Southpaw Bar & Sushi at Jalan Besar is a modern Cali-styled sushi bar, pairing food with whiskey, instead of with sake as is traditionally done. (They have sake too. To be clear, Japanese are big whiskey drinkers, and so this whiskey-sushi pairing isn’t farfetched.) Because Southpaw is not a traditional sushi-ya, it didn’t adopt a Japanese shop name. If you’ve watched the Jake Gyllenhaal movie, you’d know “southpaw” refers to a left-handed boxer; left-handedness is considered an abomination in Christianity but in boxing, it gives the fighter the advantage of surprise element. And surprisingly good is Southpaw Sushi.
The sushi joint is a small establishment with only 12 seats (so make reservations and show up). It’s helmed by Chef Kenny Khoo with 17 years of experience at esteemed Japanese restaurants such as Nogawa, the very first sushi restaurant in Singapore opened in 1978, and Tatsuya at Goodwood Park Hotel. It’s a small operations with only Khoo and a server and they might be busy when it gets crowded.
Southpaw is only open for dinner, serving omakase sets at $68+, $98+, and $138+. If you find it costly, they have a 7 piece sushi set for $38 and a chirashi don for also $38. As for whiskey, they have rare and limited bottles of whiskey. Roy Ng the owner is a whiskey connoisseur who collects rare bottles, some as rare as only having 150 bottles in the world.
The first course is a gorgeous, gigantic Canadian Rock oyster, luminous and white like a half moon. Here, a touch of whiskey (The Ten #3 Light Highland) is sprinkled on the oyster. The burning sensation of the whiskey hits you first; there is a certain floral smokiness. Then the incredible flavor of oyster, as if tasting the sea, lingers in the mouth.
The second course: thin slices of salmon are topped with caviar, truffle oil, and bonito flakes. If you wonder why the bonito looks different, it’s because they have been fried together with secret ingredients. It’s a nice dish, but I thought it’s a little gimmicky with truffle oil.
The extremely thick slices of sashimi come next. There is a certain skill in mixing-and-matching sashimi so that the flavors are balanced and the different seafood don’t compete with one and another. And here, the sashimi gives a good variation of tastes. One special piece stood out for us, the white tuna, which is lightly toasted. I’ve eaten white tuna before at Manzoku, and both times I was taken aback by their richness.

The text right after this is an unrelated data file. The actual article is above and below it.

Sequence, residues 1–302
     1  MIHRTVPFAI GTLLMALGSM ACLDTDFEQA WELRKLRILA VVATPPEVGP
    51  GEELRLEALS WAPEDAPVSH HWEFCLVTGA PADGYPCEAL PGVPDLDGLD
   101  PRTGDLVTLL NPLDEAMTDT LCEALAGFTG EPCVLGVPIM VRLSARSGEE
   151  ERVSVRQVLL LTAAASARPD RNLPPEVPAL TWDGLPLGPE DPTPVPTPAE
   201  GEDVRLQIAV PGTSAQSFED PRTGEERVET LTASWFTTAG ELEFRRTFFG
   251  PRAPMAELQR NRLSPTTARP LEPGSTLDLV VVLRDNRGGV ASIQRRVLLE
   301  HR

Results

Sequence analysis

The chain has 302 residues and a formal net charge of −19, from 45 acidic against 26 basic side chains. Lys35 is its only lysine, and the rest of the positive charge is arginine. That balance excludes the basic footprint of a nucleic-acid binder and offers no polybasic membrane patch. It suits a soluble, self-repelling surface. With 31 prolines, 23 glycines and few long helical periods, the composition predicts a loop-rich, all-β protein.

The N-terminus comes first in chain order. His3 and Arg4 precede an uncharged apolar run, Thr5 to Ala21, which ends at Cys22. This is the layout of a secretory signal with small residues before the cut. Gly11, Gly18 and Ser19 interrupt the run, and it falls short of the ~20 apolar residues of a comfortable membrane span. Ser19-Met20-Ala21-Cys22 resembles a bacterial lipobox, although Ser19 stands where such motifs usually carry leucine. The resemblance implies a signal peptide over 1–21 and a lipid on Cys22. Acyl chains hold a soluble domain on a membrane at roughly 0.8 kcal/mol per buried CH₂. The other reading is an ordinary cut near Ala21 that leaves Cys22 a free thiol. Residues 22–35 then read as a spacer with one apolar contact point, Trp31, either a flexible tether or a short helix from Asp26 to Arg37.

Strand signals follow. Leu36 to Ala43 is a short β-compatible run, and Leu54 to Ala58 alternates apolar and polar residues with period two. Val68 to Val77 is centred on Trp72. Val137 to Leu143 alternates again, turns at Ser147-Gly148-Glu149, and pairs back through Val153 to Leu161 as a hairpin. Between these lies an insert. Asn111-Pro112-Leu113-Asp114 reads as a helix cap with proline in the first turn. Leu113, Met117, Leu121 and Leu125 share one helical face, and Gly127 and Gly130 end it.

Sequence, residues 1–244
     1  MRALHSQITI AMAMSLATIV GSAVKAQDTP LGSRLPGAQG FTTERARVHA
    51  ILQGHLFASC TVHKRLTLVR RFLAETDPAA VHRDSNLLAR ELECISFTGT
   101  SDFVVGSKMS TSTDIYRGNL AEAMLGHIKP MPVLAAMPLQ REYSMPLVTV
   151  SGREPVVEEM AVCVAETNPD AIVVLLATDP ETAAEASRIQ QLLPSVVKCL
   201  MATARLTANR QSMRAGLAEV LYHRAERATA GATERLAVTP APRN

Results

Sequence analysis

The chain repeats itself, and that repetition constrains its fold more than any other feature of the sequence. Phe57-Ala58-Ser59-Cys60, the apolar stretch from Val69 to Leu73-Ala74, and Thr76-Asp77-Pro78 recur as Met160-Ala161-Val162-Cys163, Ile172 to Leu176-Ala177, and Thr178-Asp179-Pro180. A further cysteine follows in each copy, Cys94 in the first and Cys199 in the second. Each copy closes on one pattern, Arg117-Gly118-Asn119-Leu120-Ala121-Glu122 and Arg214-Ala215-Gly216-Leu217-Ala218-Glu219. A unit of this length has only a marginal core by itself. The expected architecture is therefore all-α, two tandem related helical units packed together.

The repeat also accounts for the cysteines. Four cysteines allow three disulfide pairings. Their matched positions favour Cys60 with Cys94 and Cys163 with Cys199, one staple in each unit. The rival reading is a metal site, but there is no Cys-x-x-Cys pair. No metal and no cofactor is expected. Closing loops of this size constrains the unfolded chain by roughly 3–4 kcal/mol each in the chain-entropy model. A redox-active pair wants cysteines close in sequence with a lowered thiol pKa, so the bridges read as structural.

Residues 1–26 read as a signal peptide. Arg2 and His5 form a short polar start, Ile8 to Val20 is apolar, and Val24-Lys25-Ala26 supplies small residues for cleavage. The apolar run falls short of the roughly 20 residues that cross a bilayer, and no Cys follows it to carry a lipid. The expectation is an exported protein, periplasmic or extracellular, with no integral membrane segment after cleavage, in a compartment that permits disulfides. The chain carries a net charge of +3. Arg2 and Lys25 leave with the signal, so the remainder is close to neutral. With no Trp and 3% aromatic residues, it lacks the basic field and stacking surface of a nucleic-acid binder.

We enter the 7 types of sushi and this is where you can tell the difference between a traditional sushi house and Southpaw, which adds ingredients to the sushi. The iku (squid), for instance, is seasoned with rock salt and lemon. Maguro (tuna) has a drop of mountain yam. Special mention: the akagai (clam) is especially good here; it’s slightly crunchy, a texture seldom found in akagai.
Swordfish, caviar, garlic
Salmon, sesame sauce, bonito flakes
Our favorite sushi, which brought tears to our eyes, is the foie gras scallop sushi (below). The foie gras is torched so that some oil falls onto the scallop and the rice. It’s rich, bursting with umami, and yet after the initial robustness of the foie gras, the gentle sweetness of scallops comes through.
The seafood here is firm and flavorful; high quality. However, the shari (rice) needs some improvement. Good sushi has a contrast of temperature of warm rice and cool seafood, like the negitoro maki here, whose seaweed is lightly toasted to give it a gentle heat. To preserve the warmth of shari, I’ve seen many sushi chefs keep the rice in wooden buckets. But Khoo scoops out shari onto a bowl and then moulds the rice into sushi. As a result, the rice is not warm and loses some moisture.
On the whole, we enjoyed ourselves very much. It is a cozy, almost homely environment; we were served by sincere and dedicated staff; the food was good; and the whiskey warmed our stomachs. What else can anyone ask for?
Southpaw Bar & Sushi
11 Cavan Rd, Cavan Suites, #01-04 Singapore 209848
tel: +65 9101 1941
6pm-12am, closed Sun
You may be interested in…
–Sushi Mitsuya 鮨三矢, Tras St: Recommended by Japanese on Separate Occasions
–Tomi Sushi, Velocity @ Novena Square: Recommended by Japanese Friends
–Shoukouwa 小康和, One Fullerton: The Little Known Two Michelin-Starred Restaurant
–Ki-Sho, Scotts Road: Japanese Omakase, Michelin Star Contender
Written by A. Nathanael Ho.